My husband has been cleaning out the garage the past couple of months — giving it order and practicality and ridding it of all things unnecessary. Which would include all of my belongings housed there, apparently.
Originally, the garage — built 18 years ago — had a definite organization. A place for everything and everything in its place. But I managed to sneak in a few of my belongings for which I had no use but imagined some emotional connection or future need that made the items treasures. Buried (in the garage) treasure, tucked on shelves behind other items, hidden and safe. And relatively forgotten.
My husband — in his in-depth, shelf-by-shelf cleaning — simply placed my boxes of items in a stack and asked me to go through them and store what I wanted elsewhere. “To keep or not to keep?” seemed to be my question.
Surprisingly, the stack didn’t include my Underwood manual typewriter in its hardbound leather case or my well-used Gemeinhardt flute or the donated oboe I never did learn to play. Nor did it include the boxes of books I had intended to sell or donate. Where are those items hiding?
He did stack a box filled with all three workbooks of Bible study notes for the book of Romans — diligently completed in beautiful handwriting. A box with random champagne glasses, a silver dish (untarnished!), and costume jewelry passed down to me. And my box of dusty trophies and medals and matted, crushed ribbons from my early days.
I went through the box of Bible study notes, page by page, and saved just one single piece of notebook paper on which I’d written a poem — my takeaway from the months of study I’d completed on the book of Romans during my first husband’s lingering illness and sudden death. The poem captured my understanding of God’s intense and amazing love in that tragic time — when I needed God’s love and understanding most.
I sent the champagne glasses to the dishwasher, placed the silver dish within the china cabinet for future use, and kept the costume jewelry in hopes I could at least use some of the components in my future beading projects. But the box of trophies was a little harder to disperse.
I lovingly pulled the items from the box one by one, remembering the 75 miles I walked throughout my fifth grade year in half mile increments, the moment my name was attached to the title “Outstanding Sixth Grade Girl” at Alta Vista Elementary School, the swim team and softball seasons, and my accomplishments in competing for McDonald’s All-American status. (I also jumped when I realized the box contained a slow-moving lizard; thank God it was a cold day! Startled by me, it jumped from the box and ran to the relative safety of the flower arrangement in the middle of the table. My cat, relaxing nearby, noticed nothing.)
As I went through the box, my husband walked through the room and apologized for evicting me from the garage (though he did not reverse his decision). He saw my dilemma (to keep or not to keep?) and simply said,
“You know, I’ve never seen a patient bring trophies into the nursing home.”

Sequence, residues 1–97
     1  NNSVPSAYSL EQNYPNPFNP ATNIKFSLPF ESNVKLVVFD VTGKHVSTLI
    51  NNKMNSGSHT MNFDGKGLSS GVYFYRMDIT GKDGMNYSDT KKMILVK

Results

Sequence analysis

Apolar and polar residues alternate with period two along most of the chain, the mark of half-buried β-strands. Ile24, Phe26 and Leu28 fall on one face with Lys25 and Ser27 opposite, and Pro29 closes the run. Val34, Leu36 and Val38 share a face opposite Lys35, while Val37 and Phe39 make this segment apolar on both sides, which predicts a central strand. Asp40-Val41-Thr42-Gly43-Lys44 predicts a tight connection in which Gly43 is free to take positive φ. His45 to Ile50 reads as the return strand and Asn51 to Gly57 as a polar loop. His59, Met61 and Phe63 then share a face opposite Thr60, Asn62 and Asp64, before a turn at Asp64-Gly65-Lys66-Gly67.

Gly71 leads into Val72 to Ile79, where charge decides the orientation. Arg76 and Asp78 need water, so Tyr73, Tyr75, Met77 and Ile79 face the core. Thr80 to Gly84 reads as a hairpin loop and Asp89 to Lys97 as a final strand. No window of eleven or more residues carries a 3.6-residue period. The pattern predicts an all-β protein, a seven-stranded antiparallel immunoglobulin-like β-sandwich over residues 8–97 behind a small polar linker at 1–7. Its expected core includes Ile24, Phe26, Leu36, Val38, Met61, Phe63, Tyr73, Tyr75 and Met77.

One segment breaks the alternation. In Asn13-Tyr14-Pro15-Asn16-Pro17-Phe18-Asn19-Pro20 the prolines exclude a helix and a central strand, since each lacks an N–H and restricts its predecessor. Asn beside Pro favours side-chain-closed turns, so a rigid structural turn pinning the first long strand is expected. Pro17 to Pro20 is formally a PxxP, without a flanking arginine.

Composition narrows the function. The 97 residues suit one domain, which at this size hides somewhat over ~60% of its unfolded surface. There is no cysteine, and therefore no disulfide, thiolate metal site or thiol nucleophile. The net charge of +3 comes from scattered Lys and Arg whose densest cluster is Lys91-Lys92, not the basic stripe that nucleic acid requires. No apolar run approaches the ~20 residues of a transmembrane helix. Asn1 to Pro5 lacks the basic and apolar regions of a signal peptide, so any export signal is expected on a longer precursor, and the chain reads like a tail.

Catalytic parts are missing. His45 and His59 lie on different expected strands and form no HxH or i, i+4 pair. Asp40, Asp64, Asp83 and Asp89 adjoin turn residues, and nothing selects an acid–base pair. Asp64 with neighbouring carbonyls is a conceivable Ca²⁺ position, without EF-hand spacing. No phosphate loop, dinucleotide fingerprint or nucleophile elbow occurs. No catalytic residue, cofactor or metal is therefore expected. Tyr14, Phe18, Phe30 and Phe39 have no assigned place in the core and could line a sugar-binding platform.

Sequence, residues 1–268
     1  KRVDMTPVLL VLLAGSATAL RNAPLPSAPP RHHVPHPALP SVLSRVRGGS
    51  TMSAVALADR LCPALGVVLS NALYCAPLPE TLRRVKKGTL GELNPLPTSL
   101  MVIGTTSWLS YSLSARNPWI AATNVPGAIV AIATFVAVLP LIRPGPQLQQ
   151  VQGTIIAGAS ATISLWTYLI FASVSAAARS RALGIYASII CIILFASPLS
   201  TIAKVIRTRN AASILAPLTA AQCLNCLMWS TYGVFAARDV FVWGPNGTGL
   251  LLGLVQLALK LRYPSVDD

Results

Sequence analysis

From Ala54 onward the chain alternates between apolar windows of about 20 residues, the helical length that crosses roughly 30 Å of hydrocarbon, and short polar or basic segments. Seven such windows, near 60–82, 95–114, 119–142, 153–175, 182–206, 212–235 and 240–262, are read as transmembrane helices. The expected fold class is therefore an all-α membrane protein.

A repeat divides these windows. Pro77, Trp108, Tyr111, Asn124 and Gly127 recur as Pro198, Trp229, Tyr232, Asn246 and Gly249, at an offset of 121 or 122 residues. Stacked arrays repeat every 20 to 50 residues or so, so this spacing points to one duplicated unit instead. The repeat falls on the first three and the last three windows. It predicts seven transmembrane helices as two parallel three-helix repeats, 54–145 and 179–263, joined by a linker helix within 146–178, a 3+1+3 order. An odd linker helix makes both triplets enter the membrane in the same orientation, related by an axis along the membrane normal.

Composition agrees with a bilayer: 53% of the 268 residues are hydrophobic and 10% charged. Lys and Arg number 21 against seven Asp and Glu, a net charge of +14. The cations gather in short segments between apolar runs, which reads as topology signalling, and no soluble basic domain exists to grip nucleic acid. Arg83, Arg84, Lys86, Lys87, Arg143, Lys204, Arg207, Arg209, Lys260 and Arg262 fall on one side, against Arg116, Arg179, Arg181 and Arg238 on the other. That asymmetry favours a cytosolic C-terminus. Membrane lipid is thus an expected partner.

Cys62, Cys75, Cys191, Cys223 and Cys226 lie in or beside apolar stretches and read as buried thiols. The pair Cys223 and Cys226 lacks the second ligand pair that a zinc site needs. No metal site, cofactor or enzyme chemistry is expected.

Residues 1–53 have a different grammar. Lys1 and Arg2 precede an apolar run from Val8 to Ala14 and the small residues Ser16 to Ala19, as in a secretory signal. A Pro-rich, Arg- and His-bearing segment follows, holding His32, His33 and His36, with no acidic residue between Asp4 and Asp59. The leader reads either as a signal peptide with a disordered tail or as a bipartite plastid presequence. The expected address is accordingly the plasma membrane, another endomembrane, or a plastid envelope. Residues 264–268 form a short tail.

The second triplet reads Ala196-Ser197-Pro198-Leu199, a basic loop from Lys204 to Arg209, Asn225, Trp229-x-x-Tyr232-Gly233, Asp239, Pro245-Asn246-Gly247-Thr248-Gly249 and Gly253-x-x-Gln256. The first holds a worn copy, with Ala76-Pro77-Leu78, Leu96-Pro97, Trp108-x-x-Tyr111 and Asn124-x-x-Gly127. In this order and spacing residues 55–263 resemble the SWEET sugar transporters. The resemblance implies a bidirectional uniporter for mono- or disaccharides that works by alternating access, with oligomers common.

I arranged the trophies for a final photo shoot — knowing I would not be bringing even a photo of old trophies with me into the nursing home (if I ever had to go to one). As a girl, I had tacked ribbons all over my wall and kept my trophies in prominent position in my bedroom. I let them mark my successes and accomplishments and took joy in accumulating more and more, as if more made me more significant. As I sorted them this day into the best, though dusty, order, I noted each one individually and realized that very few had marked any true accomplishment on my part. Some soiled ribbons were for swim contests I had won. Aside from the 75 miler, the accolade from sixth grade, and the McDonald’s memorabilia, the rest represented merely participation. But I found that none of the tarnished, pitted, dusty awards meant more than the life experiences they represented or the fond memories I cherished.
And so I placed them back in the box, hoisted the box to set it inside our outside trash bin, peered at it for one last goodbye, and gently closed the black lid. Rather than likening it to the closing of a coffin, I found it more like reaching the last page of a good book. I hate for the story to end but am happy to have it in my memory stores.
The Bible is clear that our treasure isn’t here — certainly not in something my husband unearthed in his garage that for the most part represented my indecision 18 years ago. Even then I didn’t want to decide “not to keep” — though I obviously didn’t want the items enough “to keep” them inside the house. I’m thinking that “to keep or not to keep?” may be the wrong question for me.
If only Jesus had been a bit more descriptive in his warning:
“Do not store up for yourselves treasures on earth, where moth (and lizards) and rust (and dust) destroy…” (Matthew 6:19).
Those added parenthetical words might have pointed to the heart of the question I should have been asking myself all along:
“To dust or not to dust?”
Now THAT is the question I should have been asking — for that is easily answered.
Definitely, “not to dust”; therefore, “not to keep.”
Maybe I can get my husband to start cleaning out the house too…